4 Chapter 4: Metamorphic Rocks 54 Table 4.1. The metamorphic rocks classified according to texture and metamorphic grade.

5 Chapter 4: Metamorphic Rocks 55 less stable minerals. Mineral replacement occurs in a specific order which can be related to the intensity of metamorphism or metamorphic grade of a rock (see Section 4.3). Foliated rock is classified on the basis of intensity of foliation, degree of mineral separation and crystal size. The lowest grade of foliated metamorphic rocks are called slate. Slates are metamorphosed shales, and like their precursor sedimentary rock, they are fine-grained. There is a foliation present in slate, but the platy minerals are so fine, that it is not normally obvious. Occasionally you will notice a slight sheen on the surface of a hand specimen. More often, you will notice that the slate breaks apart along nearly parallel planes. This is known as rock cleavage (or fracture cleavage) to distinguish it from the mineral variety, and it is a property of slate that makes it a useful building material (e.g., roof tiles, floor tiles, pool tables etc.). Slates come in various colors (red, green, black). In most cases, the color is simply inherited from the parent shale (black shale black slate etc.). If metamorphism is more intense or prolonged, platy crystals may have the opportunity to grow larger, eventually dominating the mineralogy of the rock. Phyllites are metamorphic rocks of slightly higher grade than slates that are characterized by a distinctive foliation and "glossy sheen". The sheen is caused by the alignment of platy minerals that develops a Figure 4.1. Effects of stress (pressure) on platy minerals in a shale. Mica minerals are first aligned perpendicular to the direction of pressure, and then grow larger with increasing grade of metamorphism. Eventually, complete mineral separation occurs giving the diagnostic layering found in gneiss.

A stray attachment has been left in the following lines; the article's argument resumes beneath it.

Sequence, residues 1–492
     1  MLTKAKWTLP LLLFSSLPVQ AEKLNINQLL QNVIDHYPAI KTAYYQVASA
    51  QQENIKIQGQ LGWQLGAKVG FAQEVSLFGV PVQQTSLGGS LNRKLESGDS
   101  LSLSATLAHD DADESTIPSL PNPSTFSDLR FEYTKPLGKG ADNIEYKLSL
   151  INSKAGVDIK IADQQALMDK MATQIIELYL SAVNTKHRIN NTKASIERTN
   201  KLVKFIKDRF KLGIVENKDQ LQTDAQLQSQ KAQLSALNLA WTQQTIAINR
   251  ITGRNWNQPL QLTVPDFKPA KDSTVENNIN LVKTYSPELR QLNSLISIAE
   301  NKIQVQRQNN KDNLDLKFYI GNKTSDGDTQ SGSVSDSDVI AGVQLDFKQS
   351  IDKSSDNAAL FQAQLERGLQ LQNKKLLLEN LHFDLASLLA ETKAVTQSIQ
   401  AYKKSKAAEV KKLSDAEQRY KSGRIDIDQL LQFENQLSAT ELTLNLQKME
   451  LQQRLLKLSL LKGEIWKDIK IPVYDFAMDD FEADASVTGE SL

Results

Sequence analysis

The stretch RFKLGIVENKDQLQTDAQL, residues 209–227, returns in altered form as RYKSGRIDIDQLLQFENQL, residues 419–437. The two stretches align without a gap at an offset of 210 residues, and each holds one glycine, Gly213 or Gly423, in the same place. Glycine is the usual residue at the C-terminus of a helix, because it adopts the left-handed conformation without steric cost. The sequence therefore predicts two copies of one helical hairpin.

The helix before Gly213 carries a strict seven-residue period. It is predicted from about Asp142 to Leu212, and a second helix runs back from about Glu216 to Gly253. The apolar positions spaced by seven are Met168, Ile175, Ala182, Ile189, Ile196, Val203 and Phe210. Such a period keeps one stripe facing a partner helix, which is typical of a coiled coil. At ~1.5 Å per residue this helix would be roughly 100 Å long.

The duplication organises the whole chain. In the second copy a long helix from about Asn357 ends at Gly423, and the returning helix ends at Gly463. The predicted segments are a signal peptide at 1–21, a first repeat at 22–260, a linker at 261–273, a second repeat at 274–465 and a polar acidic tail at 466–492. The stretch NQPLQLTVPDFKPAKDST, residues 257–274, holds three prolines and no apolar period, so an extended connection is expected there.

6 Chapter 4: Metamorphic Rocks 56 "pearly" surface on the phyllite. Phyllites are dominated by platy minerals, but individual crystals are still hard to resolve even with the assistance of a hand lens. The glossy sheen is the best means to distinguish a phyllite from a schist. WARNING: you may have to rotate any suspected specimens of phyllite to see the sheen in our laboratory room because fluorescent lights dull the effect. Like slate, phyllite comes in a variety of colors depending upon the mineral composition. The two most common colors, green and gold, contain respectively, the minerals chlorite and muscovite. If metamorphism is more intense or prolonged, platy crystals may have the opportunity to grow larger, eventually dominating the mineralogy of the rock. Phyllites are metamorphic rocks of slightly higher grade than slates characterized by a distinctive foliation and "glossy sheen". The sheen is caused by the alignment of platy minerals that develops a "pearly" surface on the phyllite. Phyllites are dominated by platy minerals, but individual crystals are still not visible even with the assistance of a hand lens. The glossy sheen is the best means to distinguish a phyllite from a schist, however, you may have to rotate any suspected specimens of phyllite to see the sheen in our laboratory room because fluorescent lights dull the effect. Like slate, phyllite comes in a variety of colors depending upon the mineral composition. The two most common colors, green and gold, contain respectively, the minerals chlorite and muscovite. Schists are intermediate to high grade metamorphic rocks containing large crystals that are distinguishable by the naked eye. At least 50% of these minerals are platy in nature (i.e., muscovite and biotite) resulting in a distinctive foliated texture called schistosity. Because of the mica content, most schists split apart relatively easily, but splits are "wavy" rather than flat as seen in slates. Schists are extremely abundant metamorphic rocks and come in many different "flavors". Because the crystals are large enough to identify, schists are named on the basis of their dominant mineral or minerals. A schist containing only muscovite and biotite is usually called a mica schist. One dominated by chlorite is called a chlorite schist, one dominated by garnet is called a garnet schist, one dominated by talc is a talc schist, one dominated by graphite is a graphite schist... well you probably get the idea. The most common types of schist are listed in Table 4.1. A word of warning is necessary for a couple of these schisty terms (sorry; I couldn t resist). Greenschist is commonly used to name medium-high grade metamorphic rock possessing a distinctive green color (primarily due to the minerals chlorite and amphibole). Unfortunately this